John Bocciolatt, Republican candidate for Jefferson County Sheriff, has been endorsed by the New York State Rifle and Pistol Association Political Victory Fund for his public opposition to the New York Secure Ammunition and Firearms Enforcement Act of 2013.
Mr. Bocciolatt, a Watertown native who retired as a detective sergeant from the Portland, Ore. Police Bureau, said in a news release that 95 percent of the questions he receives from the public are about the SAFE Act, a piece of gun control legislation signed into law by Gov. Andrew M. Cuomo in January 2013.
Mr. Bocciolatt said that while he opposed the SAFE Act, he did “wholeheartedly support” the passage of a law that would mandate life in prison without parole for anyone who murders a first responder.
A version of that law, called the “Webster provision” for the volunteer firefighters killed while responding to a Christmas Eve blaze in the Rochester suburb, was included in the SAFE Act.
Its inclusion drew ire from some north country legislators who felt the provision, which was similar to proposed legislation called “Mark’s Law” was included for political expediency and overlooked the local connections evoked by the law.
Mark’s Law was named for Mark B. Davis, a Cape Vincent EMT who was shot and killed while responding to a call in 2009.
According to the news release, Mr. Bocciolatt believes the other provisions of the SAFE Act contradict the Second Amendment.
“I will lend my support and my backing to any efforts to amend or repeal the New York SAFE Act, and protect our freedoms as outlines in the Bill of Rights,” Mr. Bocciolatt said in the release.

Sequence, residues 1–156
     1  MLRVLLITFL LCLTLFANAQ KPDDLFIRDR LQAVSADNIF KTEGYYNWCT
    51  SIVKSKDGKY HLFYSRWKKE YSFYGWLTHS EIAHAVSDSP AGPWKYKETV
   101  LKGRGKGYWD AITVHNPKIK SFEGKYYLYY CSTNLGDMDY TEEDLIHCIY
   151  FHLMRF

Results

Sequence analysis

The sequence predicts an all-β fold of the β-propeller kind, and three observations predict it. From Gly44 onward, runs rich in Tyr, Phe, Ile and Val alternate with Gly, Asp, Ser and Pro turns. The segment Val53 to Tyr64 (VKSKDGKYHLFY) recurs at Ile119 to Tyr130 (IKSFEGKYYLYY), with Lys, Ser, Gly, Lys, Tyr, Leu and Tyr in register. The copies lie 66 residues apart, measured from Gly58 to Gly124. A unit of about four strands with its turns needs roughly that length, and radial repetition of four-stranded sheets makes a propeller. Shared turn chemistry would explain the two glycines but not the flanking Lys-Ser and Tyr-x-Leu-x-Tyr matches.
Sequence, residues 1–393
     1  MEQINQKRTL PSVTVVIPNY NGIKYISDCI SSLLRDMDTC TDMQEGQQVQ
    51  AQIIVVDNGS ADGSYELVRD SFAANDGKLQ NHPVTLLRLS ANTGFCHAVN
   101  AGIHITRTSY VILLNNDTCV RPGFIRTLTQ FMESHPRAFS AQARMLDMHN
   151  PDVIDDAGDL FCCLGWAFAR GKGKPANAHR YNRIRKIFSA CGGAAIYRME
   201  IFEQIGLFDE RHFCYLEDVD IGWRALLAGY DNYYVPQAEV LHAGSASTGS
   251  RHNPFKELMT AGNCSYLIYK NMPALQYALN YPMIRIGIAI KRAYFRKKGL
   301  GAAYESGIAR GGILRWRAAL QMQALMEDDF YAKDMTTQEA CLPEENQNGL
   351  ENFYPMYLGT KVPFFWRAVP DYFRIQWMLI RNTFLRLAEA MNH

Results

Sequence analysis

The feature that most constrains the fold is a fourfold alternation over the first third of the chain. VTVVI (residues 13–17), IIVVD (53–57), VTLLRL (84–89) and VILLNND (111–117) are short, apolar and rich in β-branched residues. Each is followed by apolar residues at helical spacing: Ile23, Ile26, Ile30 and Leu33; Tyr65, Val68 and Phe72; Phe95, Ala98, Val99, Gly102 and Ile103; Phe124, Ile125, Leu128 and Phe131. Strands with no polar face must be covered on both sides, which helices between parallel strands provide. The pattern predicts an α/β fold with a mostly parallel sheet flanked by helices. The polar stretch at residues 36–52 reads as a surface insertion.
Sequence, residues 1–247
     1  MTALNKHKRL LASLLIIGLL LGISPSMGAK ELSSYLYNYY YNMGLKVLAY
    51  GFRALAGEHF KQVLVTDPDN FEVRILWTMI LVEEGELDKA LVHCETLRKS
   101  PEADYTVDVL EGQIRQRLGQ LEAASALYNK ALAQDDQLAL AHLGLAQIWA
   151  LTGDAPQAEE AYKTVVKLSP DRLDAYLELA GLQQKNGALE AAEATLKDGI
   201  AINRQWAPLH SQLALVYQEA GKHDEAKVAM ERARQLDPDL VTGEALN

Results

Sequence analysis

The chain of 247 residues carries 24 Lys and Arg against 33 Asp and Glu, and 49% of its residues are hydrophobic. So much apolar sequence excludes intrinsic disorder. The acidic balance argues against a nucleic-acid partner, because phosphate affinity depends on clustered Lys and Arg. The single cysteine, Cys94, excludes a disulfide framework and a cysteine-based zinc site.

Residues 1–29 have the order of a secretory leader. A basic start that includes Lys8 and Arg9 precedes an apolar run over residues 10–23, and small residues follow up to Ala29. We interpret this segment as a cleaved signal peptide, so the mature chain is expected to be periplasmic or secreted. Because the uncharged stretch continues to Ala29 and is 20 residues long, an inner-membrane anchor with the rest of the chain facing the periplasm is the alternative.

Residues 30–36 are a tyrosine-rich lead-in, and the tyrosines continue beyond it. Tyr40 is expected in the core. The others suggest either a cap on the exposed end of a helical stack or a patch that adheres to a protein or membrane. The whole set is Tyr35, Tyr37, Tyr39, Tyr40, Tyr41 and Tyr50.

Mr. Bocciolatt also pledged to streamline the process and reduce the time required to obtain a pistol permit in the state.
Colleen M. O’Neill, a retired state police senior investigator, is running as a Democrat in the race. During her campaign announcement, Ms. O’Neill alluded to the SAFE Act, telling supporters, “As Jefferson County sheriff, I will not target law-abiding gun owners, and there is nothing in the law that mandates I should.”
Jefferson County Undersheriff Paul W. Trudeau, Ms. O’Neill’s primary opponent, said he did not personally support the SAFE Act but that as a law enforcement official, he was bound to enforce it where applicable.
“I don’t support it but I don’t get to pick and choose what laws to enforce in the state. My job is to enforce all the laws,” Mr. Trudeau said.
Mr. Bocciolatt is the only sheriff’s candidate endorsed by the New York State Rifle and Pistol Association, according to the organization’s website.